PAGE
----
Before accelerating electrons and positrons, cavities need to undergo a number of treatments, such as chemical and electropolishing, the last one being baking. The standard baking procedure heats the cavity at 120C for two days with an ultra high vacuum (UHV) requirement. These very restrictive conditions are unfortunately not appropriate for the treatment of 16,000 cavities that the ILC requires. At Saclay, France, the DAPNIA laboratory has been working on RF cavities for about 15 years, within the TESLA collaboration. Their cavity baking facility recently reached a milestone, showing that the baking time could be reduced to three hours and the UHV conditions may not be necessary, which would be more compatible for mass production of cavities.

This work ensues from the discovery, at Saclay, of the necessity for baking cavities under vacuum to suppress the high field Q-drop (quality factor drop) (see figure 1) and thus improve cavity accelerating gradients. Saclay scientists presented this result at the European Particle Accelerator Conference (EPAC) conference in 1998. Since that time, engineers have used baking to suppress the original Q-drop in all types of cavities, such as TESLA, Ichiro, "Low-Loss" and Re-Entrant shapes.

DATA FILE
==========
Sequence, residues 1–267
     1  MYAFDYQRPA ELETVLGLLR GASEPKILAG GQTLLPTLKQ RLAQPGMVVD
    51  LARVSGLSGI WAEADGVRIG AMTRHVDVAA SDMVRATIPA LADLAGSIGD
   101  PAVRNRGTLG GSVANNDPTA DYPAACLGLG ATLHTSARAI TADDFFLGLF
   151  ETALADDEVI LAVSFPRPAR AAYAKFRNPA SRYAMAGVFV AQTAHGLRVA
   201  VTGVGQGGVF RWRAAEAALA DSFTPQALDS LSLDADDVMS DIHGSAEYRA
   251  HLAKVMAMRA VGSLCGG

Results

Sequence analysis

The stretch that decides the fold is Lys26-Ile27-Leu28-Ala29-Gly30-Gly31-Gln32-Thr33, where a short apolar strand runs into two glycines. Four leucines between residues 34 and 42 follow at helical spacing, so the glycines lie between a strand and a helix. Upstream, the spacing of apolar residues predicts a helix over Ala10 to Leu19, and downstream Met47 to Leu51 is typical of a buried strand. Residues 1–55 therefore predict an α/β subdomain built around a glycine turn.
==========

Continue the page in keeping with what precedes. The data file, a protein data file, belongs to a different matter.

Read more

-- Perrine Royole-Degieux
Readers Write

Dear FT:

I read the "Goose Haven" article on Monday and have a solution. You have heard of the Viper Alarm System for cars: well, here is the unquestionable replacement....

-- Dan Johnson, Accelerator Division

In the News

Scientific American
April 5, 2007:

Bursting magnets may delay CERN collider project

GENEVA (Reuters) - U.S.-supplied magnets have burst in the world's largest particle collider and experiments aimed at unlocking secrets of the universe may be delayed, scientists said on Thursday.